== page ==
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Author Topic: TomC Truck Conversion  (Read 5791 times)
Lonnie time to go
Lonnie
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« Reply #15 on: November 12, 2009, 07:10:32 PM »

Tom
Can you post a pic of the back with the door open. What size car are you planning to fit in there.

Lonnie
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1976 4905
TomC
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« Reply #16 on: November 12, 2009, 09:46:02 PM »

This is a picture before skinning the outside, but you can see the ramp with E tracks on the side wall to tie down the car and anything else.  To the first step is about 13ft.  I hope a Honda Fit will fit, if not, then a Mini Cooper.  Good Luck, TomC
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Tom & Donna Christman. '77 AMGeneral 10240B; 8V-71TATAIC V730.
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« Reply #17 on: November 13, 2009, 05:29:38 AM »

Do you have any idea what the finished weight will be?
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TomC
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« Reply #18 on: November 13, 2009, 08:46:24 AM »

I'm guestimatting the weight at- 18,000lbs for the truck chassis + 10,000lbs for the 32ft box + 4,000lbs for the actual conversion + 2,800lbs for the car = 34,800lbs.  The truck has a GVW of 46,000lbs which is 12,000lbs front, 34,000lbs (actually rated at 38,000lbs, but 34,000lbs is legal limit).  If I have 12,000lbs on the front, then the rear should come in at 22,800lbs-almost light enough to eliminate one of the axles-but I like the extra braking and traction of the tandem drive.  Then if I pull a 10,000lb boat trailer, I'll be at 44,800lbs total.  Considering when I used the truck for business, the truck/trailer weighed in at 46,000lbs empty, this truck will barely be working.  Good Luck, TomC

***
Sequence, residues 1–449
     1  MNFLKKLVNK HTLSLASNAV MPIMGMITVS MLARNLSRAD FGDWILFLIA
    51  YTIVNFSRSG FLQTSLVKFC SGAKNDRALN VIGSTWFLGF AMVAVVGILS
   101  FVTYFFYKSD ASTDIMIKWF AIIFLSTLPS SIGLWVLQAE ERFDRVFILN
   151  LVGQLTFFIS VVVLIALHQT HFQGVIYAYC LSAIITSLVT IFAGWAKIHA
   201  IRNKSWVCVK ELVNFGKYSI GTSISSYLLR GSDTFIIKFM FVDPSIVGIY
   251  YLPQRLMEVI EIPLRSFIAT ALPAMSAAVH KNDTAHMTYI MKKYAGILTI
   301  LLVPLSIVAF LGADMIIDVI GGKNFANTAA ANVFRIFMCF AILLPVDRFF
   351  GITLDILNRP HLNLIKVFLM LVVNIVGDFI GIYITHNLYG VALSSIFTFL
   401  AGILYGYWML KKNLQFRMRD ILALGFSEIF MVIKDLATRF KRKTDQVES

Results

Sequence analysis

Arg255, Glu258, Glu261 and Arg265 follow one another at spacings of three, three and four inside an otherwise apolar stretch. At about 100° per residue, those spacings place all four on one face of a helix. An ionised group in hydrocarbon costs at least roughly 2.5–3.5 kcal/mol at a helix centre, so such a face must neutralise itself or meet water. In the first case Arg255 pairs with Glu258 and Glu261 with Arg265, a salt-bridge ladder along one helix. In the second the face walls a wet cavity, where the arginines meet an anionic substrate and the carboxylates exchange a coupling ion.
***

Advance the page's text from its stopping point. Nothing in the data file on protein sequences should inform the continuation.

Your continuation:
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Tom & Donna Christman. '77 AMGeneral 10240B; 8V-71TATAIC V730.
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« Reply #19 on: November 13, 2009, 11:05:45 AM »

I really dislike having a toad, so your garage would be wonderful.  Since the box is 32 feet to begin with though, it does seem you lose a reasonable amount of interior space.  How do you think it will compare to a 35' or 40' bus in that way?  It would be great if the garage space could be transformed to interior space if desired.  It's always a problem to get a 45' interior into a 35' exterior.
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« Reply #20 on: November 13, 2009, 02:23:49 PM »

I am loosing no floor space to the garage. The garage will be below the rear bedroom-albeit with only 5ft of headroom in the bedroom.  The box has 31ft 6" interior space plus another 32" in the cab that was the sleeper-which I'm making an office out of.  So technically my true usuable floor space is 34ft 2".  Exterior is right at 40ft, so I can drive anywhere and my wife can also drive it without a special license.